Last year the Renaissance Society of America introduced travel grants to minorities to participate in its annual meeting. In 2012, Lino Pertile, former director of Villa I Tatti, the Harvard Center for Italian Renaissance Studies, extended outreach to scholars in Japan and China. Pertile invited Chinese scholars, who had never seen Italian works of art, to spend time at I Tatti. One year later, they participated in a conference, The Italian Renaissance and Chinese Receptions, at the Harvard Center in Shanghai.
In March, the Medieval Academy of America introduced a number of initiatives: the Belle Da Costa Green (named after Pierpont Morgan’s Afro-American librarian) research prize for a medievalist of color; diversity and inclusivity travel grants for members presenting papers on race-related topics; and committees to adjudicate these prizes and organize a mentoring program for minorities. The annual meeting in March opened with a plenary sponsored by medievalists of color. These are substantive interventions to define a field in the face of the alt-right’s recent promotion of the Middle Ages as a world of a white Europe.
Four years ago, contributions from the Folger Shakespeare Library and several donors enabled the Shakespeare Association of America to offer a Scholars of Color reception, now a regular event at annual meetings. Ayanna Thompson, who spearheaded the initiative, was elected the first black president of the association this year. Erika Lin, associate professor of theater at the City College of New York Graduate Center, has organized plenary panels on The Color of Membership as part of a new series on Shakespearean Futures, the aim of which is to promote conversation about the institutional conditions that affect our intellectual lives. Established in 1977, the association has tripled its membership in the last 20 years.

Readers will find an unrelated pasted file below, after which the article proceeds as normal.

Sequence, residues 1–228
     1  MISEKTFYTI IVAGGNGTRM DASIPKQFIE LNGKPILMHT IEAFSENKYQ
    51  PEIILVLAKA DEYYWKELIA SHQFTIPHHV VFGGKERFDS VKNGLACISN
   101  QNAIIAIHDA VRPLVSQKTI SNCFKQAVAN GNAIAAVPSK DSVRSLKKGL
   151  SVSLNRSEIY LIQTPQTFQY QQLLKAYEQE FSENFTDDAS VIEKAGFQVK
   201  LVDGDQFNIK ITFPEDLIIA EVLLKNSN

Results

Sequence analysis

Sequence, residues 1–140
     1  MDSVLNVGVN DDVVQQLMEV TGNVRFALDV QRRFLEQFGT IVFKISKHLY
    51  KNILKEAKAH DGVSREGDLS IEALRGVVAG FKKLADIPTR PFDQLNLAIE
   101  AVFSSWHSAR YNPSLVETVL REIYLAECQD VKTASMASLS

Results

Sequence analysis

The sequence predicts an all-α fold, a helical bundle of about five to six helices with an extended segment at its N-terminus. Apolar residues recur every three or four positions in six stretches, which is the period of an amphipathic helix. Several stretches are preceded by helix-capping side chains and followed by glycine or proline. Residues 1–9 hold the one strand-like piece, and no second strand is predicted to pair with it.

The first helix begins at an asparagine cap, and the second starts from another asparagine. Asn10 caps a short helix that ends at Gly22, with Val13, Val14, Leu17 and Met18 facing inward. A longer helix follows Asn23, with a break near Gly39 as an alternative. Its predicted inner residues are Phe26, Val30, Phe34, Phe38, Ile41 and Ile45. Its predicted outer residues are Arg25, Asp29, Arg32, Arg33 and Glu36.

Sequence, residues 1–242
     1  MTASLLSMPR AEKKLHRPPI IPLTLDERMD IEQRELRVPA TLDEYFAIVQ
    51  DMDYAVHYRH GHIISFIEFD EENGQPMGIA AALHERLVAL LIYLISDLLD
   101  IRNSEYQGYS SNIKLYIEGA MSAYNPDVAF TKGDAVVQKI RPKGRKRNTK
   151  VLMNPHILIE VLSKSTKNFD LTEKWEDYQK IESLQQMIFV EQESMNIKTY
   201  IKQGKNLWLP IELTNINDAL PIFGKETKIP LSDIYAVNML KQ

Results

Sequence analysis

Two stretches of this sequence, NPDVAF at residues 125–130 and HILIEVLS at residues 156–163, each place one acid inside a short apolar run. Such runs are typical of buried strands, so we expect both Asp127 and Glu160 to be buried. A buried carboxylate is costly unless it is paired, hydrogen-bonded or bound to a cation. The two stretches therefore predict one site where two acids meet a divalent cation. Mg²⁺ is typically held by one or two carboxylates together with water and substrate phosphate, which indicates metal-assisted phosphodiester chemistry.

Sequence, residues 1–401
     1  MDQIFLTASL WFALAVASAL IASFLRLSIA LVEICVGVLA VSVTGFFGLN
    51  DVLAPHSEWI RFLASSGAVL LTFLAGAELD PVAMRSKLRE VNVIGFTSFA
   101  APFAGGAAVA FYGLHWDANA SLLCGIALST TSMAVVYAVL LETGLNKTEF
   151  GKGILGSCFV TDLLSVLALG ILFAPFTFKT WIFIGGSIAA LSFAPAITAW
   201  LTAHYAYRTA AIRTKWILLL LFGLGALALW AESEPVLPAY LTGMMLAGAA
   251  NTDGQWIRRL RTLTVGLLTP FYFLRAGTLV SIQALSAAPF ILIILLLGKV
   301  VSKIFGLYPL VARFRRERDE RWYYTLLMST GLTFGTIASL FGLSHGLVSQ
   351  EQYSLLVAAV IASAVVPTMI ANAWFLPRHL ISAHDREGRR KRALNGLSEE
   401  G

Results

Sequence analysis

I was the only Asian Italianist on the job market in 1986. While my position is no longer unique, the number of minorities in Italian studies remains dismally small. But while we can do little to control external forces, we can take advantage of the importance accorded diversity in academe and the national discourse to make Italian more diverse and inclusive. “This is a crucial issue for our field’s survival and intellectual thriving,” notes Deanna Shemek, professor of literature, at the University of California, Santa Cruz.
More of the same clearly will not revitalize Italian. Identity politics matter greatly to today’s undergraduates. More minorities within the professoriate will attract a broader demographic among students. As Asian students have told Christina Lee, a professor of Spanish at Princeton University, “I want to do what you do.”
Qi Chen, assistant professor at Beihang University in China, who has been a visiting scholar at Harvard University and Villa I Tatti, puts the challenge before Italian bluntly: if Italian studies were confined in the West, it may have difficulty achieving truly international status. This is especially true for large countries like China, with great potential. Researchers in Italian studies should be more open to minority researchers, and understand that different views about the same topics are possible.
Virtually everyone I queried deemed this topic “important and timely.” Can this sentiment be converted to action? Can Italian enact a bold and more inclusive vision for its future or will we be left with managing a decline?